INTOXICATION EXPRESS 05
Global cartels that used to buy ingredients from India have boldly set up drug factories here. Rishi Majumder reports
THERE ARE three problems with the State’s approach to a drug named methamphetamine, usually called meth or ice. It doesn’t understand the buyer. It doesn’t understand the seller. It doesn’t understand itself.
The buyer could be the male friend of the girl at a Bandra after-party in Mumbai, who casually picks out a random card from a pack, containing a word others have to guess. Her eyes light up. “What you love to do,” she says, pointing to him. “Ice” is the answer. It can be injected, smoked, snorted or taken as a pill. Here, pills are being passed around.
The youngsters swallowing this pill come from India’s urban upper middle class. The girl giving clues is the junior designer for a popular clothes retail chain. The boy is a freshly enrolled chartered financial analyst. The party, in a dingy flat, could be one of hundreds in Mumbai alone. Walking into a five-star toilet on a Saturday night turns up a meth pill on the floor. Yet, most drug enforcement officers believe this is a relatively harmless drug, whose use is restricted to the uber-rich cliques.
Methamphetamine belongs to a drug group termed Amphetamine Type Stimulants (ATS) which includes Ecstasy. Besides being a party drug, meth is also used by workaholics for the boost in energy and concentration that it gives. The last World Drug Report says more people are addicted to ATS than opium and cocaine put together: one in 200 have abused ATS.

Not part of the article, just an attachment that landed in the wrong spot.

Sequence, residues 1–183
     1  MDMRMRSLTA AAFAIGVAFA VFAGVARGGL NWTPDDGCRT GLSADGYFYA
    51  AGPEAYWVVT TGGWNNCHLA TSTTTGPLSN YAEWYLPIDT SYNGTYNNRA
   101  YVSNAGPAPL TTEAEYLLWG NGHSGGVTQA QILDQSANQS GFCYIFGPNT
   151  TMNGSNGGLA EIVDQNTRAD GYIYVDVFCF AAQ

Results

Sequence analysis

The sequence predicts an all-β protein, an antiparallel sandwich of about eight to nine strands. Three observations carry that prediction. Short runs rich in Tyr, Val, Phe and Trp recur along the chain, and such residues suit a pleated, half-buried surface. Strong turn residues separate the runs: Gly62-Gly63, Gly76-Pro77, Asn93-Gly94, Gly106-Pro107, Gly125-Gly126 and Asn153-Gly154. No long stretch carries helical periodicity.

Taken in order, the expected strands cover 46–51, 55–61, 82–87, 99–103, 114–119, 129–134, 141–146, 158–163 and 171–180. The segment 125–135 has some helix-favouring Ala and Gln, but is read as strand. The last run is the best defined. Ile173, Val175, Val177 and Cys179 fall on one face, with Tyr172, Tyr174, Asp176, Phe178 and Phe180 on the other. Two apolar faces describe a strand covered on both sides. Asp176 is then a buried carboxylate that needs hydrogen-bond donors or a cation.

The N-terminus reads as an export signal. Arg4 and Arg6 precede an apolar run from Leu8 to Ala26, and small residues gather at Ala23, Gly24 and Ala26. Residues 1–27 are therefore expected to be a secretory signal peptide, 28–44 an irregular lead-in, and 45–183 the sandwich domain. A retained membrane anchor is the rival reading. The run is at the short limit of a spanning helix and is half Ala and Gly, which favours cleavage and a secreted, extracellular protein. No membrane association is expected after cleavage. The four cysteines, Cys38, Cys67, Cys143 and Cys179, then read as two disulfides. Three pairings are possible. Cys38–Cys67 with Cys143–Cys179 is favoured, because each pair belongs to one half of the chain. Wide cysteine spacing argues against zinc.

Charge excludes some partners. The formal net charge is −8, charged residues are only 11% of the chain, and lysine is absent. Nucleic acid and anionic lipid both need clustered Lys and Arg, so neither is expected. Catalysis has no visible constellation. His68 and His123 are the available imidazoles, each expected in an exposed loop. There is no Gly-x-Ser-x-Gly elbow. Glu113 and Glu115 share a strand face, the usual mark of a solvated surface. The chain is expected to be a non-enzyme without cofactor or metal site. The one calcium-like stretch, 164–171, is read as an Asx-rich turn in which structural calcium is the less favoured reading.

Pills containing meth and caffeine — called yaba abroad — have been christened ‘Bhool Bhulaiya’ by Indian drug dealers. That’s because long-lasting memory disorders usually follow meth abuse. Also common is a condition called amphetamine psychosis, akin to schizophrenia. An overdose can cause convulsions, heart attack or a stroke. Withdrawal symptoms include anxiety and fatigue, severe depression and suicidal tendencies. Dr Sameer Malhotra, who heads the department of psychiatry and psychotherapy at Delhi’s Fortis Hospital, claims to have treated “an increasing number of meth patients over the last few years” for fearful hallucinations and paranoia. Among his patients is a 17-year-old schoolboy whose parents run a restaurant and a 32-year-old entrepreneur with a three-year-old son.